Sep 082017
 

Full Albums features covers of every track off a classic album. Got an idea for a future pick? Leave a note in the comments!

yardbirds

The Yardbirds are back! Sort of. The quintessential R&B-influenced British Invasion band has made a few recent headlines, and any headline from a group that can boast Rock & Roll Hall of Famers Eric Clapton, Jeff Beck, and Jimmy Page as alums is probably worth checking out.

Last month, the music press was buzzing when Page announced a November 5th release for Yardbirds ’68. The legendary Led Zeppelin guitarist is producing the newly unearthed compilation of live and studio recordings along with outtakes. Rolling Stone has more about it here. Additionally, in early August still-active founding member Jim McCarty and the bands’ current line-up announced a new Yardbirds studio album to be underwritten by a PledgeMusic campaign. The album promises to be “a totally new recording of original songs with a couple of carefully selected covers.” Fans can find out more and get involved here.

We’ll celebrate all this good news with several Yardbirds-related features leading up to the release of Page’s ’68 in November. Today, we’ll pay our respects with a recap of The Yardbirds’ Greatest Hits. The first of countless compilations, this one passed a significant 50th anniversary milestone in March. Arguments abound among aficionados as to which Greatest Hits / Best Of / Retrospective is their “best,” but only one can claim to be their highest charting US album; Greatest Hits peaked at #28 on the Billboard chart in 1967 and arguably gave the band a second wind at the time. The album is no longer commercially available in its original LP configuration and packaging, but nowadays it can be put together with just a few taps on the screen/keys.

Included on Greatest Hits are all six of their singles up to 1967, plus three B-sides and a live track. Five tracks were written by at least one member of the band. Bo Diddley, Howlin’ Wolf, and Mose Allison are credited with one R&B cover each. Finally, two were written by Graham Gouldman, about whom we’ll have more to say in the near future.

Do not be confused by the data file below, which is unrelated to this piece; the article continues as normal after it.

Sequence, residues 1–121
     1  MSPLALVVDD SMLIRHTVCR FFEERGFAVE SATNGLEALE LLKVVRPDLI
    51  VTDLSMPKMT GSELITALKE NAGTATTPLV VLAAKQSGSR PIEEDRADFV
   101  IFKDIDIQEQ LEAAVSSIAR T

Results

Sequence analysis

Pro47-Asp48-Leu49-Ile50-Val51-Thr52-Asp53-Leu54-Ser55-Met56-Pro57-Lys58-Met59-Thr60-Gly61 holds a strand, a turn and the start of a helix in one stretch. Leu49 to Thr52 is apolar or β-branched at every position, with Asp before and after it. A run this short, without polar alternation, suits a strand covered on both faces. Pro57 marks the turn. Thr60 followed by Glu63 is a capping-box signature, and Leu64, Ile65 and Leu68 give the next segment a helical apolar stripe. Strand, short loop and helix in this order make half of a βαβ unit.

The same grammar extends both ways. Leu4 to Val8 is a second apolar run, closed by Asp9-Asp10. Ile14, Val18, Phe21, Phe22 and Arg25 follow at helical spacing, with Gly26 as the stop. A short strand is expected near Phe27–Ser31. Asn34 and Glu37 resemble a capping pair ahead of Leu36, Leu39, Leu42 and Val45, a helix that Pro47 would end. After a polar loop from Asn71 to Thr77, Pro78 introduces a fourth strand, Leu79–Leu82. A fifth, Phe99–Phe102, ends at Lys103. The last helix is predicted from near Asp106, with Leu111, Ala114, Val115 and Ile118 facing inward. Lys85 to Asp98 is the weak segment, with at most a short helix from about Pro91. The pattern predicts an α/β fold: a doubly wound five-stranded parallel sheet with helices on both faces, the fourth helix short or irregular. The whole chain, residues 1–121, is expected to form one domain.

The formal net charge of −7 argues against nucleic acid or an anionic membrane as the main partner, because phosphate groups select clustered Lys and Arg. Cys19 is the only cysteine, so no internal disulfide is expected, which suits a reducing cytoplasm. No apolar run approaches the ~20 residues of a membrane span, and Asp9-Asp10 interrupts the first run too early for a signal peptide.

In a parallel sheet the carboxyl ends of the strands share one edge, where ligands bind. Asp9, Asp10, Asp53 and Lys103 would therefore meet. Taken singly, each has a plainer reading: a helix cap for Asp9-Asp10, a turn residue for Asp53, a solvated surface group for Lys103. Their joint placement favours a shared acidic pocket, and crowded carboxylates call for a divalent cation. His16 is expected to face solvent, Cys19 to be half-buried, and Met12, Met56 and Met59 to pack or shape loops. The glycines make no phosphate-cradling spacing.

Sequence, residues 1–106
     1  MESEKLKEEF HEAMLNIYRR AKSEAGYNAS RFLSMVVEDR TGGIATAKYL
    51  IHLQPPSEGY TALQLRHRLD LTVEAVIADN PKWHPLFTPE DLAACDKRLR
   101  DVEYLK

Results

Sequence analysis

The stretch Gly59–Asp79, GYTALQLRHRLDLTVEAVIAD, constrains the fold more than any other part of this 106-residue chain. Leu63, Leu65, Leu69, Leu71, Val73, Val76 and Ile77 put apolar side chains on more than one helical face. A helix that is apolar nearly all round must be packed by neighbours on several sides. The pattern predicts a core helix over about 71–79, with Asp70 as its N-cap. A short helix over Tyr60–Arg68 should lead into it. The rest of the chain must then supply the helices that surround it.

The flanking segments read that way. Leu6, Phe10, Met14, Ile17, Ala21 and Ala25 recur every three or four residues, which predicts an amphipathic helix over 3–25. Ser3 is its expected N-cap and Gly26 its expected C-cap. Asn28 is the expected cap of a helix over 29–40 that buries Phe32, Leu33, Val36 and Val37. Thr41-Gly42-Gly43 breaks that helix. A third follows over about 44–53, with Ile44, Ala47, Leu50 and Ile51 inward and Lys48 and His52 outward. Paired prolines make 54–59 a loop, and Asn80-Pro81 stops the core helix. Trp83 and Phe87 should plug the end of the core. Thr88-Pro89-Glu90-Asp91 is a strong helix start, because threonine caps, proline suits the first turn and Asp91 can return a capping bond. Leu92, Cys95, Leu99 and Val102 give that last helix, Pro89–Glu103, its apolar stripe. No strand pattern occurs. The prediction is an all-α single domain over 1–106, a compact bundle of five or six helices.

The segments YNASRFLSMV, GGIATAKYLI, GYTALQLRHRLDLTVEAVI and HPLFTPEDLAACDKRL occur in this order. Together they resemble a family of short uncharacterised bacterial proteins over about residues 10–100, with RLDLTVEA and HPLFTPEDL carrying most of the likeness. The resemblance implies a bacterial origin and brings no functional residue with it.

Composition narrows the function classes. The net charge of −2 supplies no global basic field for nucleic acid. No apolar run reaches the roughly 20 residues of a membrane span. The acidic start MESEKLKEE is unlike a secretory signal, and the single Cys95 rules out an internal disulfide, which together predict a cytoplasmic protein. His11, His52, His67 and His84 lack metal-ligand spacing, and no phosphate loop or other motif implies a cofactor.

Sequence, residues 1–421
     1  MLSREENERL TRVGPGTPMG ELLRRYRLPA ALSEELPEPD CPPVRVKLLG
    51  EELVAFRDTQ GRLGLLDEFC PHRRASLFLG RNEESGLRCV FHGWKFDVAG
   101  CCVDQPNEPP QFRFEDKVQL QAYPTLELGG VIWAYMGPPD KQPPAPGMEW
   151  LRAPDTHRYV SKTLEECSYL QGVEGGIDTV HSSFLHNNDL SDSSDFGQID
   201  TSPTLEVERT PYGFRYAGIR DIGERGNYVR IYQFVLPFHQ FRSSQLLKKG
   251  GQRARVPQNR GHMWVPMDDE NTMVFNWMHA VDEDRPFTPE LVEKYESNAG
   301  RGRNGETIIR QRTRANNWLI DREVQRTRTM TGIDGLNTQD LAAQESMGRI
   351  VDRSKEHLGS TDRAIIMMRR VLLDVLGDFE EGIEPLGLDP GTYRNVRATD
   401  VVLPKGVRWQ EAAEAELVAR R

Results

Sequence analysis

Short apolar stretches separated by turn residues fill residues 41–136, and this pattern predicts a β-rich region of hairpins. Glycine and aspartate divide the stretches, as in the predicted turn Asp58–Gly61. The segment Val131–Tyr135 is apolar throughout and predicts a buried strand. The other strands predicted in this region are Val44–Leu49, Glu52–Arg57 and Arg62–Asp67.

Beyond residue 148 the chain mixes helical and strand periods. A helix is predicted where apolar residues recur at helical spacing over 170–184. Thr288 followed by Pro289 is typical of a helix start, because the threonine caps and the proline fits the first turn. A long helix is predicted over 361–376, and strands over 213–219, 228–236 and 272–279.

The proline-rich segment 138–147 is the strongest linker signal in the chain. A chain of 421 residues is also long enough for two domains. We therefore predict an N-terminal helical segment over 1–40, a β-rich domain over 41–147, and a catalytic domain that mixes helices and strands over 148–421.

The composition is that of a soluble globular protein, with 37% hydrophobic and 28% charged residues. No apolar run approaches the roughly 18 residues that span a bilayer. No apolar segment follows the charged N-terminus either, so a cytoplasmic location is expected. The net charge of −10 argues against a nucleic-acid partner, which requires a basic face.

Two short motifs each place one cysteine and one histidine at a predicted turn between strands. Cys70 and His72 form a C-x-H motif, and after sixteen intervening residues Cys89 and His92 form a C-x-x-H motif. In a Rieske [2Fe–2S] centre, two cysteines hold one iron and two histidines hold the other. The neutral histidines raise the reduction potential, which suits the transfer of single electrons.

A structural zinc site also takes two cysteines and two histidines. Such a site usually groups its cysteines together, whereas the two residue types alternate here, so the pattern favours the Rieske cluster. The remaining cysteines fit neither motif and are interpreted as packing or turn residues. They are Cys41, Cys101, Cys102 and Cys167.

So… let’s get ready, steady, go!

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Mar 272017
 
man

“17 years after America lost WW2, the country is divided and controlled by Japan and Germany. From out of the lawless neutral zone comes The Man in the High Castle’s Resistance Radio, a secret network of pirate DJs broadcasting sounds of hope.”

That’s a cooler introduction than most musical compilations get. This incredible soundtrack for Amazon’s popular TV series The Man in the High Castle was produced by Danger Mouse and Sam Cohen, who adds his own musical talents to covers of “The House of the Rising Sun” and “Get Happy.” Cohen joins a high caliber line up of musicians including Beck, Karen O, The Shins, and Norah Jones as they imagine a world where the Axis has won and musicians have gone rogue.

The current trend seems to be a marked return to the golden age of music and this influx of nostalgic talent works perfectly for the producers of the soundtrack. On advanced tracks, Angel Olsen, Sharon Van Etten, and Benjamin Booker perform covers that are nearly identical to their predecessors. Continue reading »

Dec 062016
 
best cover songs

Over the past few months, we’ve been hard at work making our list of The Best Cover Songs of 2016. Narrowing it down to 50 caused some excruciating choices, that’s how many great covers there were this year.